Utley's big takeaway is that you need dopey ideas to get the delightful ones. "Dopey ideas are the price for delightful ones," said Utley. "We make mistakes as leaders when we just want delightful and ordinary ideas. When you chop off dopey you cut off delightful too."
Needless to say, generative AI was a key theme at CCE 2023, and we focused on multiple threads including threats, opportunities, governance and the outright scary. When it comes to generative AI, it's clear we're not there yet (especially on the enterprise side), but there's a lot to think about. Here are a few things that stuck out for me from a series of conversations.
Divya Chander, Chair of Neuroscience and Faculty in Medicine, Singularity Group, was upbeat about the generative AI and its ability to expand the pie for multiple groups. She said:
"Historically, it’s been very expensive to access these resources. But computing power is just getting cheaper and cheaper. And that's going to enable more people with good ideas to enter the marketplace, just like you can code using English now. The simple fact that we can fit more transistors onto a chip makes it so that anyone can use these things. It's really good for democratization."
Casey Santos, CIO of Asurion, said customer experiences will improve with generative AI and education can be personalized. Healthcare should also drive more value with AI. "This isn't something that will really open up faster diagnoses, faster treatments and better outcomes," she said.
Richie Etwaru, Principal Inventor Mobeus, outlined everything that's going to change. Language, trust, math, industry, learning, liability, labor, laws and even love. He's optimistic overall, but there's a lot of change ahead.
Julia Glidden, Board Chair Pivotl, laid out the case why we all should be damn worried about generative AI. In short, think of the kids. She said:
"The risk is to humanity with the emphasis on human. The human ability to love, to touch, to feel. So, I'm going to ask everybody in this room, something I never did in 30 years of tech to join me in creating, informing, and enforcing a robust legal and regulatory framework for AI.
So, we don't sleepwalk into the next social media. And absolutely, and one of the things that we have to think about is the unintended consequences of the technology."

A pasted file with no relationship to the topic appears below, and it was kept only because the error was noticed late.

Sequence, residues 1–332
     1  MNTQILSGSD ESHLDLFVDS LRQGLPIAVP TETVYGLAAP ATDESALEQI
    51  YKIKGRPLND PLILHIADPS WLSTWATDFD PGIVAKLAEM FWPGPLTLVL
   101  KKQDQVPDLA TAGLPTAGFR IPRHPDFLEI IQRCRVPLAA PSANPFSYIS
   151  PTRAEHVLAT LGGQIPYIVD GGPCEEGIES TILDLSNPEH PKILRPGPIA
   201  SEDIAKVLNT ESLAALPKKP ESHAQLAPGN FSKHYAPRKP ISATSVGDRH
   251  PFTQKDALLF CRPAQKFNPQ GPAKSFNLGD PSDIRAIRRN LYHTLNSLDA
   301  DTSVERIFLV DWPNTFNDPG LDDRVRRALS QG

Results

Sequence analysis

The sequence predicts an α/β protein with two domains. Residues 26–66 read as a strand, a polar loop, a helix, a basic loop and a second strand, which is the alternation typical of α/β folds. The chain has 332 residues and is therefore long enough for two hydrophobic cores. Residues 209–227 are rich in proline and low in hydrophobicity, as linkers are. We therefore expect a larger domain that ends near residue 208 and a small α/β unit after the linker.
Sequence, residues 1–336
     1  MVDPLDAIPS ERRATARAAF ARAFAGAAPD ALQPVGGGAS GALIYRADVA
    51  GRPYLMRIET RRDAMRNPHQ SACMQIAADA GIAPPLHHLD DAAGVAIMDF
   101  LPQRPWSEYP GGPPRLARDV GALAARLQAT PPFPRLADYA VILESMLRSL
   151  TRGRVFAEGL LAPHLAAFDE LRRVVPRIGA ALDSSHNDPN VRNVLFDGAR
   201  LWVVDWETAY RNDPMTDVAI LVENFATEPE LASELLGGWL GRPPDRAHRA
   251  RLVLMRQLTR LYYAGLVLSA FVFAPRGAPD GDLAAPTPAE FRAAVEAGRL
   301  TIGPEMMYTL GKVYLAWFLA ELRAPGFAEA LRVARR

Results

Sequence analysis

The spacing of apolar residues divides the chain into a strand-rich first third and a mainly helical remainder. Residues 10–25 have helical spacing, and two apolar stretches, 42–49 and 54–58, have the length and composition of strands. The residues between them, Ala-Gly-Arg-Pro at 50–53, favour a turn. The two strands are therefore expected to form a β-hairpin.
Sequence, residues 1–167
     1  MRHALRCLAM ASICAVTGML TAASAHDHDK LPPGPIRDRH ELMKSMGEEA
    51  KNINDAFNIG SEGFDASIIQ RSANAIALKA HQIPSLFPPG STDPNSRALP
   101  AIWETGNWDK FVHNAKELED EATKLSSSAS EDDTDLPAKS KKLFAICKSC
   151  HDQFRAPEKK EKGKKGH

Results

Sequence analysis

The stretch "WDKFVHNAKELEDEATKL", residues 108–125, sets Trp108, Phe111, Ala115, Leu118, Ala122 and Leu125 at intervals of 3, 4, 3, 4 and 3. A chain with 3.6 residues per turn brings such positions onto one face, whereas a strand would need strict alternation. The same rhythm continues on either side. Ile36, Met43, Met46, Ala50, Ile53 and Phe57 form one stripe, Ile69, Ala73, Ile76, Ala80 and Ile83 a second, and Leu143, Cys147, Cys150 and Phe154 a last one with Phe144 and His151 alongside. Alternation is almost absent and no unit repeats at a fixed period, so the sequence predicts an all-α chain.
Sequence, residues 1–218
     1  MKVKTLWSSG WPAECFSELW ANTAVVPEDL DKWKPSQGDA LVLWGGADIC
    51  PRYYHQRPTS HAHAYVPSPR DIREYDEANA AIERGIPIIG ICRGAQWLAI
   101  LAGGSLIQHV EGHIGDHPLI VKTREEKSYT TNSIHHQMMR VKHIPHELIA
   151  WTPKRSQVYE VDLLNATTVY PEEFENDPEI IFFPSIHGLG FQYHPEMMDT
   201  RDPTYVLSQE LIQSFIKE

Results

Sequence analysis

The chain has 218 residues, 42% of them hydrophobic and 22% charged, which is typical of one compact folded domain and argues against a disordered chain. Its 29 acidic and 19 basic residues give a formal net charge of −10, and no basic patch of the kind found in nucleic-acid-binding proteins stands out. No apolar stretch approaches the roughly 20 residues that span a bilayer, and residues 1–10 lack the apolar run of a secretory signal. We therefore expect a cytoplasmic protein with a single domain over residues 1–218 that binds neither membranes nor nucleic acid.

Glidden continued with the theme on a panel and said generative AI can be a crutch that kills critical thinking. "If we take away children's need to critically think, ingest data and analyze it for themselves it means you don't need to read and you don't need to write. You put in a few prompts in, and it happens. Attention in children's brains will atrophy."
Etwaru noted that this AI wave will go horribly wrong for some: "The Enron of AI is going to happen in the next five years."
The to-do list
Generative AI will require data governance, privacy issues to be solved as well as new models for business. Simply put, everything will be affected by generative AI.
It's about the data strategy not the AI
Boomi CEO Steve Lucas said generative AI is interesting, but noted we still haven't figured out how it will be used throughout an enterprise.
"I know AI will be here when I don't have to hit zero when I call a company," said Lucas, who said AI should be able to know when he's pissed.
Lucas said enterprise AI will be hampered due to data strategy. "Is your data meaningful?" asked Lucas. "We all need to think about what our inputs are in the organization, what's my model in the middle and what's my output."
If you fast forward 10 years there will be too many LLMs and co-pilots, said Lucas. The differentiator will be your stack and your data.
In short, we're not realizing AI's potential yet because companies are still struggling with their data. Lucas said:
"The reality is what information do you have, that coupled with an LLM will create a truly unique high horsepower scenario that will create competitive advantage?"
One of the primary use cases for generative AI is software development. Speaking at CCE 2023, Aaratee Rao, Managing Director at JP Morgan Chase, noted that cost efficiency always plays well. "How do we automate, automate, automate and use AI using machine learning, and to really make sure we save money," said Rao, who noted that cost optimization and quality improvements all boost customer experience.
Pauline Yang, a Partner at Altimeter Capital speaking on the same CCE panel, laid out the software development economics. Yang said:
"One of the big use cases that we've seen really take off is developer productivity. If you talk to CTOs, they have all these different metrics--how happy their developers are, how much more pull requests are they getting, or how more productive their senior engineers are. We believe that a lot of companies are becoming software companies, even if you're not selling software, and the costs of engineers right now are so high that 40% productivity gains with your engineers is massive and so is happiness of paid developers. All of those gains are economic value."
Constellation Research analyst Holger Mueller's 2018 paper on infinite computing was a popular topic given the need to train models on-premises and in the cloud.